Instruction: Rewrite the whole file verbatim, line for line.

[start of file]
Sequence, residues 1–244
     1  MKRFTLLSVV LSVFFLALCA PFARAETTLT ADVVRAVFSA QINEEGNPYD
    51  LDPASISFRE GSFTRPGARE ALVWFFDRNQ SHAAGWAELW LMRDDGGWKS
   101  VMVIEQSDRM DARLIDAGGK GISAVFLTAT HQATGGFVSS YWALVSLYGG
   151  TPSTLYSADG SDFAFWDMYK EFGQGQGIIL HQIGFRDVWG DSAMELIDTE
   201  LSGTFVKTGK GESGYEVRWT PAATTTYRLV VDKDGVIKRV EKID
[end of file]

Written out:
Sequence, residues 1–244
     1  MKRFTLLSVV LSVFFLALCA PFARAETTLT ADVVRAVFSA QINEEGNPYD
    51  LDPASISFRE GSFTRPGARE ALVWFFDRNQ SHAAGWAELW LMRDDGGWKS
   101  VMVIEQSDRM DARLIDAGGK GISAVFLTAT HQATGGFVSS YWALVSLYGG
   151  TPSTLYSADG SDFAFWDMYK EFGQGQGIIL HQIGFRDVWG DSAMELIDTE
   201  LSGTFVKTGK GESGYEVRWT PAATTTYRLV VDKDGVIKRV EKID